Understanding all the different vendors that your organization integrates can be a daunting process. You not only need to focus on the most important vendors but also the smaller third-party services you incorporate into individual departments.

Assess Criticality

Once you list the vendors, you need to decide which ones enable critical business operations.

Review Information Accessed

Vendors gain access to different information depending on their function within your organization. You need to know whether a third-party accesses personally identifiable information or other protected information. Moreover, you should also determine whether they need access to it or not.

Identify Threats

While many vendors pose similar data threats, you should not automatically assume that they do. Some third-parties may pose larger risks to your information based on their controls or previous data breaches.

Assign A Risk Rating

You need to decide whether the systems, networks, and types of data your vendor accesses poses a high risk, medium risk, or low risk to your company if the vendor experiences a breach.

Analyze Risk

After assigning the vendor and the information risk ratings, you need to analyze the risk by taking the liklihood of the risk and multiplying it by the level of risk. This step in the process allows you to get a more detailed picture of the actual risk. Something that can have a large dollar or business impact may be extremely unlikely which lessens the overall risk. Thus, the analysis provides a full picture of multiple aspects of the vendor’s risk to you data security.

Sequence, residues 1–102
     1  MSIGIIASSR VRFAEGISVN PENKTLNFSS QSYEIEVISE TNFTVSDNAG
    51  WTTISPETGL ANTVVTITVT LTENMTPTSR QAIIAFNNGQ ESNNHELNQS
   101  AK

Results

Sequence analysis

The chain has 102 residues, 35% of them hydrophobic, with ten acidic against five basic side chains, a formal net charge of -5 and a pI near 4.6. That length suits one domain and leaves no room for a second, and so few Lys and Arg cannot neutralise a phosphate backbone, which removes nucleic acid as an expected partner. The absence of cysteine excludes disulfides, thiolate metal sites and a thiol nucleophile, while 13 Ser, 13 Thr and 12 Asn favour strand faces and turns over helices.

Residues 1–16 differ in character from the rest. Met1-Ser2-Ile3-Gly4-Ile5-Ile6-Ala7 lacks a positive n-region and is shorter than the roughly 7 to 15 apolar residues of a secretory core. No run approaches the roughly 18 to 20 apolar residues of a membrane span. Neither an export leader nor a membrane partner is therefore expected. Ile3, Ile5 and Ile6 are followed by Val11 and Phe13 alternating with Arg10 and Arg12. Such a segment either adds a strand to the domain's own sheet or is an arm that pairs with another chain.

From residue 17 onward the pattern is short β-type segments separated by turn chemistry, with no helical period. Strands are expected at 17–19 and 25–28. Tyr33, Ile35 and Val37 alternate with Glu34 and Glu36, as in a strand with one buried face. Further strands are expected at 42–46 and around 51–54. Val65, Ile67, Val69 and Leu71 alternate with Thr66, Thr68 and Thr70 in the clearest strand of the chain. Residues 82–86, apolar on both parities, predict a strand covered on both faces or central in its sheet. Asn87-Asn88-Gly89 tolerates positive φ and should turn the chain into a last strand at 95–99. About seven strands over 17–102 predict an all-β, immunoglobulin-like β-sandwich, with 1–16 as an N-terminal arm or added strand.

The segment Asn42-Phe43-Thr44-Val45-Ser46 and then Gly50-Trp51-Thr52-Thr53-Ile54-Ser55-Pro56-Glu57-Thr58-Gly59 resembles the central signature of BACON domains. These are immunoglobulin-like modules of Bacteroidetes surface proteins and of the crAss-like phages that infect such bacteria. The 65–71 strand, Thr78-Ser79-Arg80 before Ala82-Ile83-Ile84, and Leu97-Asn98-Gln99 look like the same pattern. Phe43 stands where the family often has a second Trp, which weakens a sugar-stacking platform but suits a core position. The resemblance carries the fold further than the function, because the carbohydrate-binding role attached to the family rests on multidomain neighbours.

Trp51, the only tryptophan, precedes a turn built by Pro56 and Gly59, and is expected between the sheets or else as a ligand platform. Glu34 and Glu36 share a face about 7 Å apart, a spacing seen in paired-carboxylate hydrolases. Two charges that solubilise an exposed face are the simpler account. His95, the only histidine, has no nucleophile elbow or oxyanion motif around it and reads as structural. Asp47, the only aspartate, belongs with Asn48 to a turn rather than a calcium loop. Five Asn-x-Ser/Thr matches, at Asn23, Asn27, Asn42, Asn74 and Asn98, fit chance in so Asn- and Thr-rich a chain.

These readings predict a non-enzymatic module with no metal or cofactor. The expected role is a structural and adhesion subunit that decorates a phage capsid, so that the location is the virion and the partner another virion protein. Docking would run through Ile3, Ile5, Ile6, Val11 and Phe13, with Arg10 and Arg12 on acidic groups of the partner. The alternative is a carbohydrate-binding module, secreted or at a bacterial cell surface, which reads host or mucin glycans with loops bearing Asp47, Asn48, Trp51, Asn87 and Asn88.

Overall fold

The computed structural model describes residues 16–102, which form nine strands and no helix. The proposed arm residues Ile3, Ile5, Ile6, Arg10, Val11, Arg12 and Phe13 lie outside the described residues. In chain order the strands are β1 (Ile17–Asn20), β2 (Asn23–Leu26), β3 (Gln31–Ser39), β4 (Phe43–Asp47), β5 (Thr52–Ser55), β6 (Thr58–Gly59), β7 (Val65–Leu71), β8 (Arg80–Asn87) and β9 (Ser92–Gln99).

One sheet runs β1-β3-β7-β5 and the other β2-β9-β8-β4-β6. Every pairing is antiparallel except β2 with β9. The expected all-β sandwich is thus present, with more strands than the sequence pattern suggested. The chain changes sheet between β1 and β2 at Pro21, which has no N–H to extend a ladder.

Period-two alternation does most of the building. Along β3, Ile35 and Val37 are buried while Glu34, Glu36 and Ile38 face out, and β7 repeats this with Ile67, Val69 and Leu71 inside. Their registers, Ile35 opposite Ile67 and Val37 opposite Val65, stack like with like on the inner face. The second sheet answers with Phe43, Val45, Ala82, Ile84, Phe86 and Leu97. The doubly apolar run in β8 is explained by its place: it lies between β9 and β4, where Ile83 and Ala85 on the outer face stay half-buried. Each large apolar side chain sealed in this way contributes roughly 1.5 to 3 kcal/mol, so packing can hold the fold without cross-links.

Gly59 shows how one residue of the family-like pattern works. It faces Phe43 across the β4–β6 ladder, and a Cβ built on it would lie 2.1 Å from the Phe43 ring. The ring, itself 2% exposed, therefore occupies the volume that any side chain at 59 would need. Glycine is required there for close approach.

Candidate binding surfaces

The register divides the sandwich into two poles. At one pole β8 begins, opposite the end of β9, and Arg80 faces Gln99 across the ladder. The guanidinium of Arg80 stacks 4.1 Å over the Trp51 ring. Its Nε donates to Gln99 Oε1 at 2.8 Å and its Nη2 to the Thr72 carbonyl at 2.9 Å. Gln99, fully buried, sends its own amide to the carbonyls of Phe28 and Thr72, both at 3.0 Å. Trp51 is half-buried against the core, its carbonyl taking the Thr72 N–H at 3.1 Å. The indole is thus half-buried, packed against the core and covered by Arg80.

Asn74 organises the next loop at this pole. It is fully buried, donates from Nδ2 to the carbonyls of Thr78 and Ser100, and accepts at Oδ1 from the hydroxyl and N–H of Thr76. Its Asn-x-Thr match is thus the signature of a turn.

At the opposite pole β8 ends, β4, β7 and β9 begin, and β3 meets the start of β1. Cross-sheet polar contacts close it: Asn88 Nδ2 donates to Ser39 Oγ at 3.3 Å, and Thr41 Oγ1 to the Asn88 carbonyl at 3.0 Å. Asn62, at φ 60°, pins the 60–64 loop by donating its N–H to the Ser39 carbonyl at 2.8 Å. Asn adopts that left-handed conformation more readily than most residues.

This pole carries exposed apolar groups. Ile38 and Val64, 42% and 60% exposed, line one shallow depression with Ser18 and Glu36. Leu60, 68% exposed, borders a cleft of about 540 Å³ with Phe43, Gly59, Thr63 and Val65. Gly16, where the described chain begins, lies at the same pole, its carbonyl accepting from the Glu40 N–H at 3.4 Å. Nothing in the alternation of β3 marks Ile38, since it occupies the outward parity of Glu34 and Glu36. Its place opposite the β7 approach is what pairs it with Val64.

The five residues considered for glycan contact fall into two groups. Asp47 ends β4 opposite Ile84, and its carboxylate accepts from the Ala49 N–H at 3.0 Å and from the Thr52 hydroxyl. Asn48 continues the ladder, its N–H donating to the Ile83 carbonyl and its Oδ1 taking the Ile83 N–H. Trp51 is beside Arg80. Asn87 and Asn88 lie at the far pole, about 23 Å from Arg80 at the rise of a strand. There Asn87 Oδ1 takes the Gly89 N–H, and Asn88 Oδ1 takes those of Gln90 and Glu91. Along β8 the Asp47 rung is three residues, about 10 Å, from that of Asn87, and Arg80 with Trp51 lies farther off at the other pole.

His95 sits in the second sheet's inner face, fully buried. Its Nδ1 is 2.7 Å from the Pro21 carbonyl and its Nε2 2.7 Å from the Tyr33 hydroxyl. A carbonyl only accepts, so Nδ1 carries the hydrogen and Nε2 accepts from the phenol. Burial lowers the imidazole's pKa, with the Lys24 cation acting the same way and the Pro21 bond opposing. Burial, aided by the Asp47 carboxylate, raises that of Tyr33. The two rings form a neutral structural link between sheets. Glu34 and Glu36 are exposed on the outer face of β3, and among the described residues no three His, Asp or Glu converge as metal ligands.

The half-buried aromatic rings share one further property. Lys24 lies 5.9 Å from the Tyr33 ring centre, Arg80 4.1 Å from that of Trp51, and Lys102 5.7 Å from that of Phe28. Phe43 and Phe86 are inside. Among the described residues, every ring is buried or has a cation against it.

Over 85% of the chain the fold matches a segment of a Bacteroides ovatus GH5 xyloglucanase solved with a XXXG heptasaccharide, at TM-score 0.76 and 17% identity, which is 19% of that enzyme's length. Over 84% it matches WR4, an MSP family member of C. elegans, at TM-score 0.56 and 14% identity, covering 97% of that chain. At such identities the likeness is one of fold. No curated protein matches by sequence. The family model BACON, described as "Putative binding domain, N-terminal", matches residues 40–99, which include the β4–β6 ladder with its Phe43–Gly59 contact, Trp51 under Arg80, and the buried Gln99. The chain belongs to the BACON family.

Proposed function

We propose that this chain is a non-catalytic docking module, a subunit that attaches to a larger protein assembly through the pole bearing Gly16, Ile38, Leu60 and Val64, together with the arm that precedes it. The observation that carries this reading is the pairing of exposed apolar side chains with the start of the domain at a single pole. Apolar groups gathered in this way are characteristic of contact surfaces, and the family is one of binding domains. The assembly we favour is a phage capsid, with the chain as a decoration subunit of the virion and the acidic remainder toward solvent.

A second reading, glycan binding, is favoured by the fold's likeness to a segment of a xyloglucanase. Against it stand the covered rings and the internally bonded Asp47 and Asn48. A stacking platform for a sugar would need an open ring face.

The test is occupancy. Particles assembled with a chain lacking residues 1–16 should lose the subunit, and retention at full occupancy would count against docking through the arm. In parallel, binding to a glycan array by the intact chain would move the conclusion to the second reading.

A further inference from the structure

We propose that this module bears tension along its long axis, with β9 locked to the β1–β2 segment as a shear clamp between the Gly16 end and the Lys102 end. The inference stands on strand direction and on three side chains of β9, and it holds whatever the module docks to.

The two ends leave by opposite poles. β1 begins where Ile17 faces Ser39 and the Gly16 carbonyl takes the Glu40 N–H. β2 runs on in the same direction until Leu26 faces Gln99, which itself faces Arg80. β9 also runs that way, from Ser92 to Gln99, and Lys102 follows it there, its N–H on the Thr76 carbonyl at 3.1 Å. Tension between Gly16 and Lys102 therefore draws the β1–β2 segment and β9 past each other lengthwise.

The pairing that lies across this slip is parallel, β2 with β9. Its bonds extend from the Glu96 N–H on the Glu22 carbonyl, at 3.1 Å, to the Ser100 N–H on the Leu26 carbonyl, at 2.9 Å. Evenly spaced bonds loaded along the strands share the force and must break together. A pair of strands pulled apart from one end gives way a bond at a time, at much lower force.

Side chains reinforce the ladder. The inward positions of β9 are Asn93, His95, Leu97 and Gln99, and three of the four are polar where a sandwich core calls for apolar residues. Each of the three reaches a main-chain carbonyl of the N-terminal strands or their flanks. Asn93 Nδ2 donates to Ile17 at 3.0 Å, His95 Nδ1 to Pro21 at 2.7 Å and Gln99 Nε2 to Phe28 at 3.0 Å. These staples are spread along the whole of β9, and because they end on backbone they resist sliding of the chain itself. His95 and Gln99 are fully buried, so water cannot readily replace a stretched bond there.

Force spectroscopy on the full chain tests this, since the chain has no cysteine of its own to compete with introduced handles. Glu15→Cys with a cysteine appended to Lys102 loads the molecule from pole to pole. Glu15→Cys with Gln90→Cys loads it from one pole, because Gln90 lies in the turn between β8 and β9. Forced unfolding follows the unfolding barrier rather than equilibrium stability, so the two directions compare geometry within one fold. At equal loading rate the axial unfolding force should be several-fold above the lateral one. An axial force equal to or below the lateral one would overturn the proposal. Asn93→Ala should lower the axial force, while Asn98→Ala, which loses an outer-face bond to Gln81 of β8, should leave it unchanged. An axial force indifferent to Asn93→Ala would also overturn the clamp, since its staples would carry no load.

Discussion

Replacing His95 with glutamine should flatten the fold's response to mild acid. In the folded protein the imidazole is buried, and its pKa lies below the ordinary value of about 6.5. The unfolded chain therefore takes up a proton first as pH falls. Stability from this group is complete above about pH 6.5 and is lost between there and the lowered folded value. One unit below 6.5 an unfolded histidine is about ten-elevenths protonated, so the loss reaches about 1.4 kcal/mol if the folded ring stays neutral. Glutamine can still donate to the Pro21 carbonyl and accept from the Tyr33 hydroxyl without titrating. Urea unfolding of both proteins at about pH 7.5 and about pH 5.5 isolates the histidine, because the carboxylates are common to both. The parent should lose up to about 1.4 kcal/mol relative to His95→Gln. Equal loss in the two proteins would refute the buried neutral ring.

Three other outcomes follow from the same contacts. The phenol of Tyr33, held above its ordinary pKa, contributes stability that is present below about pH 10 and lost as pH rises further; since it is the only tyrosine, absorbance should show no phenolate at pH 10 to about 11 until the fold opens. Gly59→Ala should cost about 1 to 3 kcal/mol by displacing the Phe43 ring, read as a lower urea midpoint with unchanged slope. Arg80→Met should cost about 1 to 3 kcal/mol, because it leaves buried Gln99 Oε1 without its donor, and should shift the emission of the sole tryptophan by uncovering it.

Create Risk Response

After determining whether the vendor is high, medium, or low risk based on the liklihood of impact to your business in conjunction with the level of impact, you can decide whether you want to accept, refuse, mitigate, or transfer the risk.

Set Controls

If you decide to accept or mitigate the risk, you need to establish controls to protect your information.  These controls should focus on access controls like multifactor authorization and unique login identifiers as well as encryption and firewalls.

Define Terms for Service Level Agreement

Once you set controls, you need to make sure that your vendors use the same ones. When contracting with vendors, you need to define your cybersecurity risk tolerance and appropriate controls within your service level agreement (SLA). This way you know that your vendor agrees to maintaining a cybersecurity stance that aligns with yours.

Monitor Continously

It’s not enough to set controls. You need to monitor your vendors’ compliance and security. Since their risk is your risk, if a vendor does not maintain a robust cybersecurity stance, neither do you.

How ZenGRC Enables Vendor Risk Management

By streamlining the workflow, organizations can eliminate emails while tracing outstanding tasks. Additionally, the unified control management feature allows organizations to map controls across multiple frameworks, standards, and regulations to determine whether compliance gaps exist. This mapping capability enables you to manage the mundane tasks associated with vendor risk management and ensure a robust program.

ZenGRC’s streamlined workflow shows task managers the date on which a vendor provided a response and a status. These details mean that compliance managers no longer need to spend time following up with the organization’s multitudinous vendors.

For more information about creating a vendor risk management program, read our ebook “Vendor Risk Management: The Basic Need for It. The Basic Principle of It.